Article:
- Community Health Survey Finds Increase in Access to Health Insurance Under ACA (July 2017)
Survey results show that residents of Larimer County have seen dramatic gains in health insurance coverage since 2013. The survey from the Health District of Northern Larimer County also finds that many residents have experienced fewer struggles with medical bills and debt collectors, put off fewer visits to mental health providers, and filled prescriptions that previously might have gone unfilled due to cost.
The findings are part of the Community Health Survey, a large, scientifically designed study the Health District has conducted every three years since 1995. Results help the Health District and other local organizations gauge the community's health and track changes in healthcare access over time. The most recent survey of 2,279 randomly selected adult residents of Larimer County took place in the fall of 2016.
In 2016, 4 percent of local adults ages 18-64 reported having no health insurance, down markedly from 12 percent three years earlier. The number of people who were uninsured for long periods of time -- seven months or more -- also decreased significantly, from 17 percent in 2013 to 6 percent in 2016. Those with the lowest income (138 percent or less of the federal poverty level) saw the steepest drops with 6 percent uninsured for longer than seven months in 2016, down from 47 percent three years earlier.
The survey showed improved access to a variety of health services. The number of local residents reporting no insurance for prescriptions dropped from 14 percent to 7 percent. Among those with the lowest incomes, there was a steep decrease in the number of people who were said they were unable to fill a prescription due to cost (27 percent to 12 percent).
Residents whose incomes were at or just above poverty were less likely to delay getting mental health care. The number of people who put off visiting a mental health provider due to cost declined significantly, from 49 percent to 19 percent.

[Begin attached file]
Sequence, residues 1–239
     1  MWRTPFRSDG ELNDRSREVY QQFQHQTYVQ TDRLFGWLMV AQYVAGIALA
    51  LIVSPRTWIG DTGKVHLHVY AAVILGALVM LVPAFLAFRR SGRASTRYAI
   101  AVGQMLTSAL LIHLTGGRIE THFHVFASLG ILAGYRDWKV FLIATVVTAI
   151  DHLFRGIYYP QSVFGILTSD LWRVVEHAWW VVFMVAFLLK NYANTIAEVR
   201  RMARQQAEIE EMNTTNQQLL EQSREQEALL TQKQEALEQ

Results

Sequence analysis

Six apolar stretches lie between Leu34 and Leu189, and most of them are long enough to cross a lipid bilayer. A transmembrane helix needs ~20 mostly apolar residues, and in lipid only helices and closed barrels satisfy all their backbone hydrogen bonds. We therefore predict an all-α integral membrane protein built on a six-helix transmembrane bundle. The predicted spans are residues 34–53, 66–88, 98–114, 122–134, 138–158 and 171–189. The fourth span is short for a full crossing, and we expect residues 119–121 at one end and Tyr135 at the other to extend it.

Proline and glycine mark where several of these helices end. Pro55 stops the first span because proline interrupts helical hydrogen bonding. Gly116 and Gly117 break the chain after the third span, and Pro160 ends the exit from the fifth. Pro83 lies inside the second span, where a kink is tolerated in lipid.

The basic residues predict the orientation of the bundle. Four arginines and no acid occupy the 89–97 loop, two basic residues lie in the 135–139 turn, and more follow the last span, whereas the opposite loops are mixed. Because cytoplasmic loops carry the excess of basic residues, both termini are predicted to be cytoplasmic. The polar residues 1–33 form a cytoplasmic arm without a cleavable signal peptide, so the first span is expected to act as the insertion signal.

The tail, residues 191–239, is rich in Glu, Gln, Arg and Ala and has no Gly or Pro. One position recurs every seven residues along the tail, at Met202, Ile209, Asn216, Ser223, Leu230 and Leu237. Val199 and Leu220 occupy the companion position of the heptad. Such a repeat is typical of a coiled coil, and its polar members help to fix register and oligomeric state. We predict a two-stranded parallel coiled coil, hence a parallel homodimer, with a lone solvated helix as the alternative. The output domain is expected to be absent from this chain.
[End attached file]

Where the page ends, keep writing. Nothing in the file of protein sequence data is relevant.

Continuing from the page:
Gains in coverage had wide-ranging impacts on people's personal and financial well-being. Those who reported having medical bills they couldn't pay right away and had to pay over time declined from 31 percent in 2013 to 28 percent in 2016. Residents least able to pay for medical care got a reprieve from debt collectors as the number of people at or just above poverty who had been sent to collections for unpaid medical bills decreased from 22 percent to 15 percent.
The 2016 Community Health Survey was a random-sample survey of 2,279 adult residents of Larimer County. A more detailed summary of recent survey findings related to coverage gains can be found on the
Health District website. For more information on the Community Health Survey, contact Richard Cox at the Health District at 970-224-5209, firstname.lastname@example.org.
The Health District is a public agency that provides residents of northern Larimer County with dental, mental health, and preventive health services, in addition to connecting people to more affordable prescription and health insurance options.
- West Nile Virus Season Begins in Larimer County (June 29, 2017)
The Larimer County Department of Health and Environment reported that mosquitoes infected with West Nile virus were trapped in Berthoud, making this the first positive sample in Larimer County in 2017. The presence of infected mosquitoes will likely increase in Larimer County in the coming weeks, as the hot weather speeds up both mosquito and virus reproduction. West Nile virus is most frequently transmitted locally in July and August.
West Nile disease is a viral infection that is spread to people by bites from infected Culex mosquitoes. Symptoms can range from none at all to severe illness. About 75 percent of people who are infected have no symptoms; about 25 percent will develop West Nile fever. Less than 1 percent develop the more severe neuroinvasive form, which can lead to hospitalization, critical illness, chronic disability, or death.
Larimer County Department of Health and Environment works with cities, Vector Disease Control International (formerly Colorado Mosquito Control, Inc.), and Colorado State University to monitor and assess the risk to Larimer County residents. The Health Department also works with homeowners associations to provide advice on eliminating sources of mosquito breeding and other methods of mosquito control.
West Nile virus can be prevented. In addition to community efforts, such as larviciding, reducing water where mosquitoes can breed, and spraying for adult mosquitoes, individuals can remember to use the 4 D's to help prevent West Nile virus disease:
- DEET or other effective mosquito repellent - Use an EPA-registered mosquito repellent that has been proven to be effective against West Nile virus-carrying mosquitoes. DEET, Picaridin, Oil of Lemon Eucalyptus (also called PMD), and IR3535 are good choices.
- Dusk to Dawn - Avoid exposure during peak Culex mosquito feeding times, from dusk through dawn.
- Dress - Wear long sleeves and pants to keep mosquitoes from biting.
- Drain - Remove standing water in your yard or garden to minimize mosquito breeding areas.